Friday, 20 March 2015

Court finds payment of charter hire is not a condition: Astra not followed

March 20, 2015.

Spar Shipping AS v. Grand China Logistics Holding (Group) Co. Ltd [2015] EWHC 718 (Comm) 

In a decision handed down on 18 March 2015, a Commercial Court judge has declined to follow Flaux J’s decision in The Astra and has concluded that payment of hire by the Charterers was not a condition of the charterparty. Mr Justice Popplewell reached his decision following a careful consideration of the authorities on this issue and, in particular, The Astra [2013] EWHC 865 (Comm). 

The Court also considered issues concerning repudiatory breach, the validity of the charterparty guarantees and assessment of damages for repudiatory breach of charter. These issues are not discussed in this alert, but a more detailed article on the judgment will appear in our Spring 2015 Shipping E-Brief.

Brief background facts

By three charters dated 5 March 2010 on amended NYPE 1993 forms, three supramax bulk carriers were let on long term time charter to Grand China Shipping (Hong Kong) Co Ltd. The charters provided for performance guarantees to be issued by the Defendant (“GCL”) which is the parent company of the Charterers. By April 2011, the Charterers had fallen behind with their hire payments under the charters and, in September 2011, the vessels were withdrawn from service and the charters were terminated. The Owners claimed under the guarantees in respect of the loss of the balance of the charters. 

The decision in The Astra 

Mr Justice Flaux reviewed in detail the various previous cases which, over the last 100 years or so, have touched upon the question of whether a failure to pay hire amounts to a breach of condition as opposed to a breach of an innominate term (a breach of an innominate contractual term only entitles an innocent party to terminate the contract where the breach is sufficiently serious, whereas a breach of condition entitles the innocent party to terminate a contract regardless of the severity of the breach). Having reviewed the authorities, Mr Justice Flaux reached the conclusion that payment of hire is a condition of the contract and therefore that the failure to pay a single hire payment entitled the Owners to withdraw the vessel and claim loss of profit for the remaining charter period.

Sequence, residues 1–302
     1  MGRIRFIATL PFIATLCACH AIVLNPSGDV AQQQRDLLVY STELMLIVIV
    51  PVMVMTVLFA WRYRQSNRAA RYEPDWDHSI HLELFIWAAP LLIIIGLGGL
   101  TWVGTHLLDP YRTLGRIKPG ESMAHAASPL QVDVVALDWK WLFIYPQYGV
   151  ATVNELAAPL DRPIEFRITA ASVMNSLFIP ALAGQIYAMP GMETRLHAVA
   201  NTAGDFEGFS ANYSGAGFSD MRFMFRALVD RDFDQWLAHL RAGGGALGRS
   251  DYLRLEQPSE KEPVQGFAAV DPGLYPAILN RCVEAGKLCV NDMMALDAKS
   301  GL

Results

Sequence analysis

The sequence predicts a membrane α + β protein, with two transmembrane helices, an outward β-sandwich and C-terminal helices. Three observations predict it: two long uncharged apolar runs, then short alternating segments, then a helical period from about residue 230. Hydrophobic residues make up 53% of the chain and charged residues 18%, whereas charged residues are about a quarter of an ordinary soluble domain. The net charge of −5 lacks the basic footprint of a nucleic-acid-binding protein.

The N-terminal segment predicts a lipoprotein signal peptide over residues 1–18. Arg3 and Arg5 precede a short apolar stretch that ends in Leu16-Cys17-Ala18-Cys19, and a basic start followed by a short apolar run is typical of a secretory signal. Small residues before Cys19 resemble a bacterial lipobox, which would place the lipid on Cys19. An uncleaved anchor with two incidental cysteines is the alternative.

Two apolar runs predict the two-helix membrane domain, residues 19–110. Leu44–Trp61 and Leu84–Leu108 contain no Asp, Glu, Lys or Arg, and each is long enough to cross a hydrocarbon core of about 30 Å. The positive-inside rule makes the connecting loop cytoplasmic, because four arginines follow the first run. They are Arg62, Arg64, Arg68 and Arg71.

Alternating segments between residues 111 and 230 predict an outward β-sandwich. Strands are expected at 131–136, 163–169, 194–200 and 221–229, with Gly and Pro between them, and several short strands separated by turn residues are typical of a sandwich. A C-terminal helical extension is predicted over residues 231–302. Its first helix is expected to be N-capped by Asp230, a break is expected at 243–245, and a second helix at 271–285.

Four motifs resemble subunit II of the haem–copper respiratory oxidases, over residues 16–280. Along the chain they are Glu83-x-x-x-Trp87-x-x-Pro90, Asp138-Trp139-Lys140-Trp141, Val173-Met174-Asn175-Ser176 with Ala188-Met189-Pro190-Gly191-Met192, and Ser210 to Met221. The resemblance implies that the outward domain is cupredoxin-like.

The Commercial Court decision

Mr Justice Popplewell also reached his conclusion following a detailed analysis of the authorities and, in particular, following a careful analysis of the principles set out in The Astra. Popplewell J considered and dismissed each of the reasons given by Flaux J in The Astra for finding that payment of hire was a condition of the contract. In summary:

1. Popplewell J disagreed with Flaux J that the right to terminate under the withdrawal clause for any failure to make punctual payment meant that any non-payment was sufficiently serious to justify termination and therefore that a failure to pay hire promptly was intended to be a condition. The withdrawal clause in this case provided only for a liberty to withdraw the vessel from service, in other words it did no more than give the Owners an option to cancel. Without express wording to that effect, the withdrawal clause did not make payment of hire a condition.

2. If there were no withdrawal clause in the charters and so no express right to terminate, payment of hire would not be treated as a condition of the charter. It could not have been intended that any breach of the hire payment obligation, no matter how serious or trivial, would have the same consequences and allow the Owners to terminate a long-term charter even for a trivial breach.

3. In commercial contracts, the time for payment is not generally “of the essence” i.e. a condition, unless the contract expressly says so. In a time charter context, there is no good reason to treat the payment of hire as a condition (unless the charter says so expressly) because an owner may exercise his contractual right to terminate the charter and put an end to future performance (and the future expense of operating the vessel for the benefit of the charterer). In Popplewell J’s view, once an owner no longer has to provide a charterer with the services of the master and crew, then his interest in the prompt and punctual payment of hire disappears.

4. The need for commercial certainty did not mean that payment of charter hire should be treated as a condition. Commercial certainty can be achieved by the withdrawal clause which offers an option to cancel, without conferring on owners an unmerited right to damages (such as is conferred by a right to repudiate a contract for breach of a condition). The desirability of commercial certainty must be counterbalanced with the need not to impose liability for a trivial breach in undeserving cases.

Having gone through his careful and lengthy analysis, Popplewell J found himself unable to follow the decision of Flaux J in The Astra and concluded that payment of hire by the Charterers under the three charters was not a condition. 


It may come as little surprise that the decision in The Astra has not been followed and should not be treated as settling the law as to whether a payment of hire under a charterparty is a condition, any breach of which would justify a claim for repudiatory breach. Whether there is an appeal on this issue remains to be seen. However, for now, at least, this decision is likely to go some way to restoring the previously accepted view that the obligation to pay hire under a time charter as it falls due is not a condition such that, if an owner wants to recover its future losses following a termination, it must seek to bring the charter to an end for repudiatory breach of contract and, in doing so, demonstrate that charterers’ defaults are sufficiently serious as to deprive the owners of substantially the whole benefit of the charter. 



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